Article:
In fiscal year 2015, the federal government spent $3.7 trillion, amounting to 21 percent of the nation’s gross domestic product (GDP). Of that $3.7 trillion, over $3.2 trillion was financed by federal revenues. The remaining amount ($438 billion) was financed by borrowing.  As the chart below shows, three major areas of spending each make up about one-fifth of the budget:

  • Social Security: Last year, 24 percent of the budget, or $888 billion, paid for Social Security, which provided monthly retirement benefits averaging $1,342 to 40 million retired workers in December 2015. Social Security also provided benefits to 2.3 million spouses and children of retired workers, 6.1 million surviving children and spouses of deceased workers, and 10.8 million disabled workers and their eligible dependents in December 2015.
  • Medicare, Medicaid, CHIP, and marketplace subsidies: Four health insurance programs — Medicare, Medicaid, the Children’s Health Insurance Program (CHIP), and Affordable […]
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None of the world’s top industries would be profitable if they paid for the natural capital they use

Stephan:  SR readers know that I have long favored a true cost calculation in making economic policy. When you do that you discover if you do the math all sorts of things we sort of take for granted actually cost society billions of dollars that are never properly accounted for. Here is an example of what I mean, and why I think as I do.

A West Virginia coal mine
Credit: West Virginia Public Broadcasting

The notion of “externalities” has become familiar in environmental circles. It refers to costs imposed by businesses that are not paid for by those businesses. For instance, industrial processes can put pollutants in the air that increase public health costs, but the public, not the polluting businesses, picks up the tab. In this way, businesses privatize profits and publicize costs.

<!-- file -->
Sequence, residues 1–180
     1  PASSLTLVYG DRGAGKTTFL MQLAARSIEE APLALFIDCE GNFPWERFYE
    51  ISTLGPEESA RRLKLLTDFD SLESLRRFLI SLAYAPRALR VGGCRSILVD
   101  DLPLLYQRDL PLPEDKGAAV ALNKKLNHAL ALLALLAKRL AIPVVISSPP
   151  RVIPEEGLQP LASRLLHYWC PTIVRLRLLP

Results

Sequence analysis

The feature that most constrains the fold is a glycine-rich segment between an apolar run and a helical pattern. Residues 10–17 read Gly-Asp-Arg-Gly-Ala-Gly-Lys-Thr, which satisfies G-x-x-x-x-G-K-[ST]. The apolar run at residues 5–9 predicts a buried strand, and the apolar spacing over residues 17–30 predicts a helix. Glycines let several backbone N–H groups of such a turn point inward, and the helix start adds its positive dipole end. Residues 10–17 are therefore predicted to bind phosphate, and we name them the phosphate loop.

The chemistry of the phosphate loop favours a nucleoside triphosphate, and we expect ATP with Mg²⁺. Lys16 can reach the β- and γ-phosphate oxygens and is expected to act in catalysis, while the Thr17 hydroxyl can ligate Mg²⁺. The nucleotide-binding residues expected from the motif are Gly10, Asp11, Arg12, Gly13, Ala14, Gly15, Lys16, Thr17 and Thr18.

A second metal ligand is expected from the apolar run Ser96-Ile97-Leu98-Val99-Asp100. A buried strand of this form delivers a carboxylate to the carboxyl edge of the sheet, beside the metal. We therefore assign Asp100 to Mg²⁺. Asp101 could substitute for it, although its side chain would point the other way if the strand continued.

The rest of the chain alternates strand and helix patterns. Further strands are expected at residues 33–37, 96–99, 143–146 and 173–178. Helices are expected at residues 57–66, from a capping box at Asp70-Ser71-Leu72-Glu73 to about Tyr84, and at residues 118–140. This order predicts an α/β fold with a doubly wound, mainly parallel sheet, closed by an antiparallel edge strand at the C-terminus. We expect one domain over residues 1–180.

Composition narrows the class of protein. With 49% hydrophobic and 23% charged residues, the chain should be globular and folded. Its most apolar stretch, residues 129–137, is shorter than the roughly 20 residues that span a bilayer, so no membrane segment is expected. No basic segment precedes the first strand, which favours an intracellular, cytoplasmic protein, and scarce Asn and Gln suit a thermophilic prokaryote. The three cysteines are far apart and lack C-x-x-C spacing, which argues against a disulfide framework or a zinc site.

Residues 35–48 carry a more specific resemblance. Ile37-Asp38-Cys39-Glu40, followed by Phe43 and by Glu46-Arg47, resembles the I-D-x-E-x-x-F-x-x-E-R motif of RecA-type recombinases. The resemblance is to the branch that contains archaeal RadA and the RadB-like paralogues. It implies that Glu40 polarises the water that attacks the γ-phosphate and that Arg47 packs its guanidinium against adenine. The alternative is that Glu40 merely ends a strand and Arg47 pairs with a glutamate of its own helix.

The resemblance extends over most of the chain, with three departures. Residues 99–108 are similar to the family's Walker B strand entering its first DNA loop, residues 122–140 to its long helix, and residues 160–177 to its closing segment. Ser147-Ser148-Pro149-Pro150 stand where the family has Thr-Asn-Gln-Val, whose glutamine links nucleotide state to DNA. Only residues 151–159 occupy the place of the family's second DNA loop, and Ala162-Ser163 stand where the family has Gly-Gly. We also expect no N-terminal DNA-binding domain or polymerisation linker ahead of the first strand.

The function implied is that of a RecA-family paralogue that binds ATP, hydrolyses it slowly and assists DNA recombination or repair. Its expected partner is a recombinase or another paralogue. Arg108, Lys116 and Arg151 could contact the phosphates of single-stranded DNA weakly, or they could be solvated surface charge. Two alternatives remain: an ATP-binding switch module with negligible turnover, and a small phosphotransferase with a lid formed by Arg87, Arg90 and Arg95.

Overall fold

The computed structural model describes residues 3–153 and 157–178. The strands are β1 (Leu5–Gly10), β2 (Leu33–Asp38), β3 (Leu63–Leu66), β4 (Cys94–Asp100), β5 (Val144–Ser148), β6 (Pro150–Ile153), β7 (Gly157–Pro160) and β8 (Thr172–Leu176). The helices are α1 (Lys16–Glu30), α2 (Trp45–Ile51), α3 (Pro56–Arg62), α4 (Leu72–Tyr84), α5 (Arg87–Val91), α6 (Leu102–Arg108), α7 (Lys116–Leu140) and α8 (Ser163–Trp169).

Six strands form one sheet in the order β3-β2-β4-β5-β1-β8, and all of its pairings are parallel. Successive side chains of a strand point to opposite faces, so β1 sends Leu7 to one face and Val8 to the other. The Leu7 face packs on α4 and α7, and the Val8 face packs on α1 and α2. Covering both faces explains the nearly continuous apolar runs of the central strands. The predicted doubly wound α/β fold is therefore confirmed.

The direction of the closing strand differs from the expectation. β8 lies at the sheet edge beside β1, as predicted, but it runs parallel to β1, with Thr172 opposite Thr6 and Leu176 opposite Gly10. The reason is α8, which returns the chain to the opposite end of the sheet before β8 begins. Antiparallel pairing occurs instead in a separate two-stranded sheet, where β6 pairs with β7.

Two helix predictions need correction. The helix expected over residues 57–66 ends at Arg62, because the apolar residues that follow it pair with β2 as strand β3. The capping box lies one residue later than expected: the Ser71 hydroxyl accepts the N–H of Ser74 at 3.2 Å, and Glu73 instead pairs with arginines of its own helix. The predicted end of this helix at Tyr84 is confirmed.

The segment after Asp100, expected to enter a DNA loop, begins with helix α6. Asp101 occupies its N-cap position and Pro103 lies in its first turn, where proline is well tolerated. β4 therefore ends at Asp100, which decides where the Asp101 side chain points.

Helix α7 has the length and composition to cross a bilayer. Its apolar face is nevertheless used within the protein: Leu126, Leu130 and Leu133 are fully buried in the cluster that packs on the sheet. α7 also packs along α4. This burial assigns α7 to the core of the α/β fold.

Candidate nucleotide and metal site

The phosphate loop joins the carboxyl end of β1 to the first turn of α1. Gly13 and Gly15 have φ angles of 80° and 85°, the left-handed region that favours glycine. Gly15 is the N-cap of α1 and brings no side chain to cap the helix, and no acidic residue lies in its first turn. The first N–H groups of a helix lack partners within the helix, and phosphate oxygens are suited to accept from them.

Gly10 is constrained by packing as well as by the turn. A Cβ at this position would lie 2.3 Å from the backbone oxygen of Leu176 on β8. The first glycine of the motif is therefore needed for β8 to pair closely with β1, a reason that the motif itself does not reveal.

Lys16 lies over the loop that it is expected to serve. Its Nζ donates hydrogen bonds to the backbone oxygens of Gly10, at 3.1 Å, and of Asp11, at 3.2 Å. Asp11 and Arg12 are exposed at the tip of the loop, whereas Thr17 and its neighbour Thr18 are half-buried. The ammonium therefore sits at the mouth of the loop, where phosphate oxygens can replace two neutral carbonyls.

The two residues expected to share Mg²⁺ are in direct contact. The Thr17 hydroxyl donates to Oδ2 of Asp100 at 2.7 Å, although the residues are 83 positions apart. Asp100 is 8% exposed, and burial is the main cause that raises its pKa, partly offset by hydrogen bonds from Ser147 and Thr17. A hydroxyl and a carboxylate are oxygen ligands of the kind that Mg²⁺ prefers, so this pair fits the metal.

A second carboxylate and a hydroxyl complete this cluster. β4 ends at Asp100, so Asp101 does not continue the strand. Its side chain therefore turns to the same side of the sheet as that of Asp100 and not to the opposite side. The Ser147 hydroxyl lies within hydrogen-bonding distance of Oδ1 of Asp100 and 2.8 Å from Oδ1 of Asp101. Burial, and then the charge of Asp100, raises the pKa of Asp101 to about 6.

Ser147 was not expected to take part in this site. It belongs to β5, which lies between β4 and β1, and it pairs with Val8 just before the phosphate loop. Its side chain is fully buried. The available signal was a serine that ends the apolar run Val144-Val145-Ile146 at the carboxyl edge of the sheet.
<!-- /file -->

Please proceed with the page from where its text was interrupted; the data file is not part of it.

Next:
While the notion is incredibly useful, especially in folding ecological concerns into economics, I’ve always had my reservations about it. Environmentalists these days love speaking in the language of economics — it makes them sound Serious — but I worry that wrapping this notion in a bloodless technical term tends to have a narcotizing effect. It brings to mind incrementalism: boost a few taxes here, tighten a regulation there, and the industrial juggernaut can keep right on chugging. However, if we take the idea seriously, not just as an accounting phenomenon but as a deep description of current human practices, its implications are positively revolutionary.

To […]

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Republicans Just Voted to Let Internet Service Providers Sell Your Browsing History

Stephan:  From today forward I suggest that you think very carefully before posting any kind of personal information on line. But, as this article lays out, it is more complicated than that. Even the purchases you make, for instance buying some personal product that you would prefer to keep private and personal, can be used to reveal things about you. Have a personal problem on which you sought guidance on online. Grist for the mill., it's now public knowledge. Thanks to Donald Trump that information will now be for sale.

Credit: Brian Jackson/istock

The Republican-controlled US House of Representatives on Tuesday repealed privacy rules that would have required internet service providers such as Comcast and Time Warner Cable to get consumers’ consent before selling or sharing their web browsing data with advertisers and other companies.

“Consumers should be in control of their own information,” Rep. Jared Polis, (D-Colo.) said in testifying against the bill. “They shouldn’t be forced to sell and give that information to who-knows-who simply for the price of admission for access to the internet.”

The vote overturned rules passed in October by the Federal Communications Commission that tightened limits on what internet service providers (ISPs) could do with their users’ data. The rules, which would have taken effect later this year, required ISPs to notify consumers about the type of information they collect, and obtain their consent, before selling it to third parties. The rules also made ISPs more accountable for preventing data breaches.

The measure was passed […]